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Jakarta Post

In South Sulawesi, floods, landslides displace more than 6,700 people, kill 68

  • News Desk

    The Jakarta Post

Jakarta   /   Sun, January 27, 2019   /   07:04 pm
In South Sulawesi, floods, landslides displace more than 6,700 people, kill 68 Residents are evacuated from the Bung Permai residential complex in Makassar, South Sulawesi, during heavy flooding on Wednesday. Floodwaters from the overflowing Tello River reached a height of up to 1 meter. (Antara/Sahrul Manda Tikupadang)

Floods and landslides that hit 12 regencies and one city across South Sulawesi last week have killed at least 68 people and displaced about 6,700 others, the National Disaster Mitigation Agency (BNPB) said on Sunday.

Heavy rains that have been hitting some parts of South Sulawesi since last Monday caused floods in at least 71 subdistricts in 12 regencies and one city in the province, triggering landslides and cutting off road access in several areas.

Of the total 68 deaths, 45 bodies were found in Gowa, 14 in Janeponto, four in Maros and one in the provincial capital city of Makassar, BNPB spokesman Sutopo Purwo Nugroho said on Sunday.

“Gowa, Janeponto, Makassar, Maros and Majo were the most affected by the floods,” Sutopo said.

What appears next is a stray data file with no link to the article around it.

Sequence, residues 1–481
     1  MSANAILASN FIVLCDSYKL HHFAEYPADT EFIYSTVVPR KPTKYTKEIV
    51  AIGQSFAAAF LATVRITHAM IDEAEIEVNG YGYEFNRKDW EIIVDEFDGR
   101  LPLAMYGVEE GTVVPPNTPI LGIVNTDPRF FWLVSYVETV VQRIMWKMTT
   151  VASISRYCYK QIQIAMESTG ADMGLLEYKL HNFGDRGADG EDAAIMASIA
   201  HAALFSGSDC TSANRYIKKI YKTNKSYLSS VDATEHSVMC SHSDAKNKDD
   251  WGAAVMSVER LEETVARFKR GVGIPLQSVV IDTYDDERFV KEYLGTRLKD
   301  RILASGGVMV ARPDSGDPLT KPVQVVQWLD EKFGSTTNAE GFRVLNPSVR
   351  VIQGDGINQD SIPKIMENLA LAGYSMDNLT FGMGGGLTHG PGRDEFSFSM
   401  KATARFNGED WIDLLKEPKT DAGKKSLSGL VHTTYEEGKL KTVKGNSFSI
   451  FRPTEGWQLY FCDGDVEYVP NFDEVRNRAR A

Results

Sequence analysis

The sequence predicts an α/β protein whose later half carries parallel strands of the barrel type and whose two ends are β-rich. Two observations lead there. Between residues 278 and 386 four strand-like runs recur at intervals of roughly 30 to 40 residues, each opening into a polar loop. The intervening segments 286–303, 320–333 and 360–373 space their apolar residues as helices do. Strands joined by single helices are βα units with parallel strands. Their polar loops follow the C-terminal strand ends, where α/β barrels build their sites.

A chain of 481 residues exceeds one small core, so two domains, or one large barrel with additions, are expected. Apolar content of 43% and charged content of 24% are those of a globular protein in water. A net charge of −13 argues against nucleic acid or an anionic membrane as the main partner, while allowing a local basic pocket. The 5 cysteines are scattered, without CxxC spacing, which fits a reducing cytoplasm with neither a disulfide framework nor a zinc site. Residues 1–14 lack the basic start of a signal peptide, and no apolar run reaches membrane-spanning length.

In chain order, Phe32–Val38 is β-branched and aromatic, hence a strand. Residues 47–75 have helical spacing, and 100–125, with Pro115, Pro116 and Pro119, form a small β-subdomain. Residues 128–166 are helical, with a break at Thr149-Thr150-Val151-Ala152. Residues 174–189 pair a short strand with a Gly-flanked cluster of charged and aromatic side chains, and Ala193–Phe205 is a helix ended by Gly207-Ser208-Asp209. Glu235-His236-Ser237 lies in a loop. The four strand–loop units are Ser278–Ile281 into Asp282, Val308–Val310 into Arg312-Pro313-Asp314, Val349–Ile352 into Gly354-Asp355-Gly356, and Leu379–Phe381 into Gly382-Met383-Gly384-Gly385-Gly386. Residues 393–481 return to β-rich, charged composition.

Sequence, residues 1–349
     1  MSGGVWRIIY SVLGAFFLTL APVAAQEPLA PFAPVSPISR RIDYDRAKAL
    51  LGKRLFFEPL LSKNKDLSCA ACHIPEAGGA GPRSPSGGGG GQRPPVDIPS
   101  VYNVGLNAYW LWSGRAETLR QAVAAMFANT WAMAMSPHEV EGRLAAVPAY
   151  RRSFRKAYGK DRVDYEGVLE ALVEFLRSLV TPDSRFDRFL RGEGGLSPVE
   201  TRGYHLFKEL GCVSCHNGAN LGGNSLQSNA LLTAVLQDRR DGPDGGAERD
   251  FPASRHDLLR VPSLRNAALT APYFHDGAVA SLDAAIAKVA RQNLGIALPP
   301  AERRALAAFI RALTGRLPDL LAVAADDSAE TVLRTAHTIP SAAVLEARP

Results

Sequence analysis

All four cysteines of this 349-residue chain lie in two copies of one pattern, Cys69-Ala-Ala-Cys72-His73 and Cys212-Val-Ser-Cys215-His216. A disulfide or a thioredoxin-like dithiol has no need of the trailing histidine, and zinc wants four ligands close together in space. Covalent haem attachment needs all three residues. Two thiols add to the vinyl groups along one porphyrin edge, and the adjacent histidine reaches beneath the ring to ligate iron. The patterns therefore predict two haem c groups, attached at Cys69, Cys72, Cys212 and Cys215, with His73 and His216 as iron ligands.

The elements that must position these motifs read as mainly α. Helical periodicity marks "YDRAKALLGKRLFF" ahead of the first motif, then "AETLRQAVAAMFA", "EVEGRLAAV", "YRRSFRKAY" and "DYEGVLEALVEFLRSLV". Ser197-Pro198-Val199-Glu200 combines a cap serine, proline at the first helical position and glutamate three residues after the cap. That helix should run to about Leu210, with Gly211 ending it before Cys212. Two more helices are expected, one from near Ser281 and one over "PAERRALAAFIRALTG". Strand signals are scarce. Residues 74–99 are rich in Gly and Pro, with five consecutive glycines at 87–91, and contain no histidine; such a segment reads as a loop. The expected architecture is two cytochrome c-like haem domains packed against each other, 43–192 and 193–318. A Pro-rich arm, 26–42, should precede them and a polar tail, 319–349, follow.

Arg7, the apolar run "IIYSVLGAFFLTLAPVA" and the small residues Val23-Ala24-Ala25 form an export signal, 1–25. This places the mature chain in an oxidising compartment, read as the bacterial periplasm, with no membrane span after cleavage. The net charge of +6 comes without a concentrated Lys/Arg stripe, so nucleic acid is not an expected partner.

In Gowa, at least 604 houses were inundated and 46 people were injured and 2,121 others displaced.

In Jeneponto, floodwaters damaged 438 houses, swept away 32 others and displaced 3,276 people.

Heavy rains also caused rivers to overflow in 14 areas in Makassar, inundating 477 houses and displacing about 1,000 people.

While in Maros, authorities recorded 251 evacuees and 552 inundated houses.

Across the province, a total of 550 houses were either damaged or carried away by the floods and mud, and about 5,100 others were submerged under water. The disaster damaged 65 schools, 13,000 hectares of rice fields and 34 bridges.

As floodwaters have almost completely receded on Sunday, a number of evacuees have returned home while authorities continued emergency and relief efforts focusing on cleaning debris and mud, as well as providing food, health services and shelter to victims.

“The current priority is to clean the mud and debris that are blocking houses and road access,” Sutopo said. “[In certain areas], thick mud has filled up in houses, reaching as high as 50 centimeters. The mud is difficult to clean it as it has started to harden.”

Authorities have deployed heavy equipment to clean up the debris.

As of Sunday, search and rescue teams were still searching for seven missing people in Gowa and Janeponto.

The Meteorology, Climatology and Geophysics Agency (BMKG) previously warned of heavy rains and strong winds this week in a number of regions, including in South Sulawesi, and said the rainy season would peak at the end of January or beginning of February nationwide. (kmt/ipa)